Month: March 2012

Using Gmail anti-spam with mutt

Posted by – 29/03/2012

OK, this is not another post on how to use Mutt and Gmail. This is just to comment on a feature I found in Mutt that was not obvious, and that helped me to stop running my own anti-spam tool.

So, for a number of reasons, my company stop filtering spams. I was setting up dspam to take over that job when I decided that it was just too much pain for a single account. Besides, although I am spammed a lot, I would never possibly be more efficient than Gmail anti-spam, given the load of emails their users classify everyday.

I am not migrating my old emails over to Gmail, though. And I am pretty comfortable with my current email work-flow… I am simply not going to use a webmail (even one as powerful as Gmail). OK, I am using GNOME 3 after being a Fluxbox and Bluetile user, but everything has a limit…

But how to keep the best of both worlds? And, more important, how to do that with minimum disruption of what I already have (my own IMAP server and Mutt managing my account there as spoolfile)? The answer is a little known trick using the “mailboxes” directive in .muttrc.

This directive accepts a fully-qualified imap mailbox address. So I just added something like:

mailboxes 'imaps://gmail-user:gmail-password@imap.gmail.com:993/[Gmail]/Spam'

and added some shortcuts to save email from my inbox to that mailbox (the same as train-as-spam) and to rescue email from it (the same as train-as-ham):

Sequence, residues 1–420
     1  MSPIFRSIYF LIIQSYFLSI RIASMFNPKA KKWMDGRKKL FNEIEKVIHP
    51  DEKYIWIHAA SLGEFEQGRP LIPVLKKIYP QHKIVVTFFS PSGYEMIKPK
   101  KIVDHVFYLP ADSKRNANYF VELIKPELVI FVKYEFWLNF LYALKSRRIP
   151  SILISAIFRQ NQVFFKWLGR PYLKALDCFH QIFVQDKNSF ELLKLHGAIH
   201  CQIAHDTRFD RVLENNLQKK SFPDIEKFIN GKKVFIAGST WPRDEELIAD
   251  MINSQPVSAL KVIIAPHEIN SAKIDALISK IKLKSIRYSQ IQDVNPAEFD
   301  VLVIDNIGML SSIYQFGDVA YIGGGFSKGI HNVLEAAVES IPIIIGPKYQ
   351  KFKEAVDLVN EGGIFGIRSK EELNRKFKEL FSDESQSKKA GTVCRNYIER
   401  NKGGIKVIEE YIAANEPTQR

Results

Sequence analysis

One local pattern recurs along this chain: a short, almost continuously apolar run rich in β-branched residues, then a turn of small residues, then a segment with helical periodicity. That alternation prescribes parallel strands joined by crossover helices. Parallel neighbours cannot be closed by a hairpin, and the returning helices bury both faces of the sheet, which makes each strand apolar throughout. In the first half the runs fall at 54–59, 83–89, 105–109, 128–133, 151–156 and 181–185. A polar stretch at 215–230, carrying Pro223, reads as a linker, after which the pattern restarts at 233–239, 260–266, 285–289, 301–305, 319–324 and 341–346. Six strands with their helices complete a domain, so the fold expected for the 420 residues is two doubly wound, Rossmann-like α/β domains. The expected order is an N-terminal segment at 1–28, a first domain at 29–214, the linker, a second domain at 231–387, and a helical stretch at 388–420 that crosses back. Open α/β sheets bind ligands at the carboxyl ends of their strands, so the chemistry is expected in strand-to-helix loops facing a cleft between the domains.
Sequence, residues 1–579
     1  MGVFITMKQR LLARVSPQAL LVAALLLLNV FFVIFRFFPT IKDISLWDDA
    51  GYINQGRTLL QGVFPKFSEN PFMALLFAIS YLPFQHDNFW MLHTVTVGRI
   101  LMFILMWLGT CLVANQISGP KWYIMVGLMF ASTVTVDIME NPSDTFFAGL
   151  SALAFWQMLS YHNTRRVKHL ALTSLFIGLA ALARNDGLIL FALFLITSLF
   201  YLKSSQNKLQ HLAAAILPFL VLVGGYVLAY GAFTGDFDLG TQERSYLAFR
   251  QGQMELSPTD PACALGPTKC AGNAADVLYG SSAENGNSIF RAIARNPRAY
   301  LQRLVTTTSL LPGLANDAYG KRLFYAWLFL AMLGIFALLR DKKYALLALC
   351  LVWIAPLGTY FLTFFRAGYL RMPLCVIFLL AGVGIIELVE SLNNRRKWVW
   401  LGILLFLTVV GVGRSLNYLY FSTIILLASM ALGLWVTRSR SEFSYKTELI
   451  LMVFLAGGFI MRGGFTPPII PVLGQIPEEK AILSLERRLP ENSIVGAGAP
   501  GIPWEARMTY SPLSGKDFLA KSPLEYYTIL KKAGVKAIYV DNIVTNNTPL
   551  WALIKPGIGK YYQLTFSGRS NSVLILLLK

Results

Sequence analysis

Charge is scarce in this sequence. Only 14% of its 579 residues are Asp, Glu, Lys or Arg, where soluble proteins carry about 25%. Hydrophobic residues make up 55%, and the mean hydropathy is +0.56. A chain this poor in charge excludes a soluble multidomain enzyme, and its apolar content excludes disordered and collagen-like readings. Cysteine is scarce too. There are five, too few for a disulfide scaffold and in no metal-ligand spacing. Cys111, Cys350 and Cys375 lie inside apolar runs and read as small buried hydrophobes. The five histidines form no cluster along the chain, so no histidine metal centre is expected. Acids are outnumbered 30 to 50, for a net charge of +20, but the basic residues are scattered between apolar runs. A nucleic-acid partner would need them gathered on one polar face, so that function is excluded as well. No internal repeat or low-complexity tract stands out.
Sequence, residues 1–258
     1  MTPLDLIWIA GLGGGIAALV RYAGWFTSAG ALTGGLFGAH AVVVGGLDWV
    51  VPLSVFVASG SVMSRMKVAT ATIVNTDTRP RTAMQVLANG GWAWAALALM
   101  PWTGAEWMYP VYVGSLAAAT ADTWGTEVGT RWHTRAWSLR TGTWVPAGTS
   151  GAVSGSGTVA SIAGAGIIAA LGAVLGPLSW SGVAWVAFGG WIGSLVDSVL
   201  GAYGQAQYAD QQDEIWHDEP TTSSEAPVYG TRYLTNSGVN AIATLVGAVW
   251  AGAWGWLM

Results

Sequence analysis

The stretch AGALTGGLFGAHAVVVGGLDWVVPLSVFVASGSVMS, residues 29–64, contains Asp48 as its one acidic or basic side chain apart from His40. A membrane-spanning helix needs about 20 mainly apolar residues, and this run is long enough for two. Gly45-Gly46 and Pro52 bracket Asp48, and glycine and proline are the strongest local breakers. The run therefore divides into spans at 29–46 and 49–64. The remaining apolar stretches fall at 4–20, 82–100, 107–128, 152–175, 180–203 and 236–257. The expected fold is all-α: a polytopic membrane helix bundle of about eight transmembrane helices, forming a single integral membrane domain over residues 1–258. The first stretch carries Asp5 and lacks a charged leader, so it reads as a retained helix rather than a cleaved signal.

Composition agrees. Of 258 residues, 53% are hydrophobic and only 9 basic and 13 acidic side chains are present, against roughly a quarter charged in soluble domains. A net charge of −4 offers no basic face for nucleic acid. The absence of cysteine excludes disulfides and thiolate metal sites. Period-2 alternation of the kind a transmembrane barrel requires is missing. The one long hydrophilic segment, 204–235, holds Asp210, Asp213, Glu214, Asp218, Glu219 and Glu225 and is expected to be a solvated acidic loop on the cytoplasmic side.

macro index <F3> ";Wo;Wn;simaps://gmail-user:gmail-password@imap.gmail.com:993/[Gmail]/Spam\n" "Train as SPAM"
macro index <F4> ";Wo;Wn;simaps://gmail-user:gmail-password@imap.gmail.com:993/INBOX\n" "Train as HAM"

and that was it. In my IMAP machine I got a fetchmail downloading emails from Gmail’s INBOX so I can get trained-as-ham and new emails (all emails arrive first in my Gmail account) into my IMAP server. All my sieve rules are in place and nothing changed in my email work-flow.

It’s been working flawlessly for a week now. The only drawbacks are (1) Gmail knowing everything that arrives to me (not a big deal, since unencrypted emails aren’t private anyway), and (2) not getting the spam-count once Mutt is run: I have to change into that mailbox to log-in to Gmail.

Update: Mar 30, 2012 @ 18:15: I just found out that drawback number (2) above can be fixed by adding the following to .muttrc:

unset imap_passive
Fork me on GitHub

Annoyed by F10 key in gnome-terminal?

Posted by – 23/03/2012

I am one of those people that like to map Fx keys to special functions. After all, that’s what F-unction keys are for, right?

So, one of the first things I do once I have to configure a new Desktop is disable F10-capture by gnome-terminal. It has been working flawlessly, until I begin using GNOME3. No matter what, F10 was still being captured.

I found that this is a bug and that adding the following:

@binding-set NoKeyboardNavigation {
	unbind "<shift>F10"
}
 
* {
	gtk-key-bindings: NoKeyboardNavigation
}

to ~/.config/gtk-3.0/gtk.css serves as a workaround.

Hope this helps people with the same problem.